The Reilly Factor
He May Not Want You To Notice Him, But This Season John C. Reilly Is Everywhere.
Cellophane, Mister cellophane/shoulda been my name…/’Cause you can look right through me/Walk right by me/And never know I’m there. — John C. Reilly as Amos Hart in Chicago
When people stop John C. Reilly on the street, they often strain to remember where they’ve seen his mug before. They might recall he was the big, bearded guy yanked overboard by a fishing hook in The Perfect Storm. And just this year, as the stoner husband in The Good Girl, he squeezed Jennifer Aniston’s breasts for sperm-sample inspiration.
But without an assist from Reilly, most passersby go blank trying to conjure any of the two dozen movie roles he’s inhabited over the past 13 years. This does not cause him to phone his agent or his publicist in a rage. This causes him to think, Mission accomplished.
”I treasure my anonymity,” the 6-foot-1, 37-year-old actor says, rubbing his Karl Maldenesque nose and stroking the back of his neck in a sort of unconscious camouflage dance while scrunched into a Beacon Hill banquette for dinner. He’s deep into rehearsals for the Boston run of a potentially Broadway-bound musical version of Marty, the 1955 slob-in-love Oscar winner. Reilly’s eyes, deep-set beneath his expansive brow, narrow as he talks — the opposite of the way they pop wide open on screen to suggest the guileless souls of the good-natured people he tends to play.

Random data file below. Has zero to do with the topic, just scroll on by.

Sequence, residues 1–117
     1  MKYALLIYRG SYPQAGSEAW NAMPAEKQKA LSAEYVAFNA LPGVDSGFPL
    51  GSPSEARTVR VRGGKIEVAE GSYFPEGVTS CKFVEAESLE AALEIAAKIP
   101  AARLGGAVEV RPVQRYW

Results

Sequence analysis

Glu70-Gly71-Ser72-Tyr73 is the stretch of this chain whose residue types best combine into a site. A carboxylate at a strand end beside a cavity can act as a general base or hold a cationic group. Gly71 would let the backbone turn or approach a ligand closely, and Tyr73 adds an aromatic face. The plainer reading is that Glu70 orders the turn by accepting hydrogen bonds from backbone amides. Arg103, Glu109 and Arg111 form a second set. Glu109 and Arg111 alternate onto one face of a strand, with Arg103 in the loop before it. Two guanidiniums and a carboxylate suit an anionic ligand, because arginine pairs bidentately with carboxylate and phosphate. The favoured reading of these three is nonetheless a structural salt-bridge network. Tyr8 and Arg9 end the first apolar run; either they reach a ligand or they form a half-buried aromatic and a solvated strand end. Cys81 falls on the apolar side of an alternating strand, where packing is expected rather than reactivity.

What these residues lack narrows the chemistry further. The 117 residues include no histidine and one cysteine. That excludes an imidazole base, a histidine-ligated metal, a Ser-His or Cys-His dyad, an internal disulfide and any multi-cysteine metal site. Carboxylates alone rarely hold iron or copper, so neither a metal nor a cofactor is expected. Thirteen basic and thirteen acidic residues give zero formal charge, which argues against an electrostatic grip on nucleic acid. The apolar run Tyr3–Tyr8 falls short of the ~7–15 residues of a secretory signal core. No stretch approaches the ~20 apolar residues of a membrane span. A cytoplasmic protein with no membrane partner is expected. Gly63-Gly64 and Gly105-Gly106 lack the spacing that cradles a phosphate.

”The more known I become as a name, the less I kinda like it,” he says. ”I like to have interactions with people. If everything is ‘Hey, you’re that guy,’ that’s the same interaction over and over again.”
Sorry, John, but you’re about to face more of the same. In a profile-raising pileup of memorable characters that makes him this year’s Jim Broadbent, Reilly will bow in three Oscar-pedigree movies at the end of December. He’ll appear as a World War II vet oblivious to the desperation of his wife (Julianne Moore) in The Hours. He’ll play a fallen lawman in Martin Scorsese’s long-anticipated Gangs of New York. And, most showstoppingly, he’ll sing and dance as the nebbishy husband of a murderess (Renee Zellweger) in Chicago. ”Funny how [the movies] stacked up,” he says. ”It wasn’t meant to be that way.”
In fact, Reilly nearly appeared in yet another film this fall. His good pal, writer-director Paul Thomas Anderson — for whom he played a Reno drifter in 1997’s Hard Eight, a doofus porn star in 1997’s Boogie Nights, and a foursquare cop in 1999’s Magnolia — had him in mind as one of the thugs who terrorize Adam Sandler in Punch-Drunk Love. ”But he has this process of narrowing down the story,” says Reilly. ”And at some point, I said, ‘Paul, it’s a love story. I might be distracting in this movie.”’
Besides, he was otherwise engaged in Rome on the very long shoot of Gangs of New York — a picture that Anderson, of all people, had talked him into doing. ”It was this massive script, but there didn’t seem to be a lot to my part. So I was a little torn…. Am I really gonna go to Italy for all these months? I called Paul and he was like, ‘Are you f — -ing crazy?… It doesn’t matter about the role. If he says to come, you just go.”’